What are the constitutional dilemmas currently facing Iraq, particularly with regard to efforts to dissolve parliament? How have political alliances in Iraq changed since October 2021? What is the role of foreign intervention in exacerbating the crisis? How have militias growing power affected the political process? How can Iraqi leaders restore trust with each other? In the long run, what improvements, whether legislative or constitutional reforms or broader societal changes, could help to prevent a future crisis?

Featured speakers: Dr. Massaab Al-Aloosy, Rasha Al-Aqeedi, Dr. Shahla Al-Kli, and Zeidon Al-Kinani.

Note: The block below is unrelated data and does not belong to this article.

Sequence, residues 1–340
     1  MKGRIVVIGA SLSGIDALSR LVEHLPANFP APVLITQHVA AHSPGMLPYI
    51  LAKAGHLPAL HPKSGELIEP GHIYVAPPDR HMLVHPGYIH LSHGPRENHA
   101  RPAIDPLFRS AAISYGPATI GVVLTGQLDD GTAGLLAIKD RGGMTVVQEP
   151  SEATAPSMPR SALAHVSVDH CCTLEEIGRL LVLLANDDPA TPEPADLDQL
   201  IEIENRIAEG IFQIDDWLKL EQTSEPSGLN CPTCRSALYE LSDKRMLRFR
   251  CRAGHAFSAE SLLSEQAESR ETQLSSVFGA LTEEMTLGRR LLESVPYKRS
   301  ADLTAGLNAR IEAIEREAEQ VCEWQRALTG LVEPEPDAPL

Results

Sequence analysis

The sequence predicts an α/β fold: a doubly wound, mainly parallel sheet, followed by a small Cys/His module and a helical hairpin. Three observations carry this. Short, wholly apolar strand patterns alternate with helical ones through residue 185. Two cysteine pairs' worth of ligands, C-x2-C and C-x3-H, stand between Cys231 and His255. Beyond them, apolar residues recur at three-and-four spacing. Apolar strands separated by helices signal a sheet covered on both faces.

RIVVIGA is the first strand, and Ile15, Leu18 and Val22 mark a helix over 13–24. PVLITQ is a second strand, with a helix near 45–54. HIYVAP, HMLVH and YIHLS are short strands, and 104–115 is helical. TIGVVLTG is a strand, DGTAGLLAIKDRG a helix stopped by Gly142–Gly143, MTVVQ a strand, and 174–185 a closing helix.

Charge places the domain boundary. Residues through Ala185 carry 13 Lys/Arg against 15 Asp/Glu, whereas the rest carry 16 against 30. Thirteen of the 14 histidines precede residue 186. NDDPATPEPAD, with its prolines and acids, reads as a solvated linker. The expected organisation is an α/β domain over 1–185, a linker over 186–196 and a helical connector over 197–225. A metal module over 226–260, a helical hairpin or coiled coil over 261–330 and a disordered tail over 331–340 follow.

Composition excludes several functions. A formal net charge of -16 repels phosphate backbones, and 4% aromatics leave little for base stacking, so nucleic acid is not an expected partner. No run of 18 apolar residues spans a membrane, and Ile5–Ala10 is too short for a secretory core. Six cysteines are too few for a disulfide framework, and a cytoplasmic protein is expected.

Speakers bio:

Dr. Massaab Al-Aloosy

Iraqi Academic and Researcher

@malaloosy

Dr. Massaab Al-Aloosy is a researcher focusing on Iraq, Iran, and Shia non-state armed groups. He holds a PhD from the Fletcher School-Tufts University and is the author of The Changing Ideology of Hezbollah, Palgrave 2020. He previously was an Assistant Professor at the Critical Security Program at Doha Institute for Graduate Studies.

Rasha Al Aqeedi

Middle East Deputy Editor, New Lines Magazine

@RashaAlAqeedi

Rasha Al Aqeedi is Middle East Deputy Editor at New Lines Magazine. She is an Iraqi researcher and analyst based in Washington D.C. Her work focuses on non-state armed groups, political Islam and her hometown of Mosul, Iraq.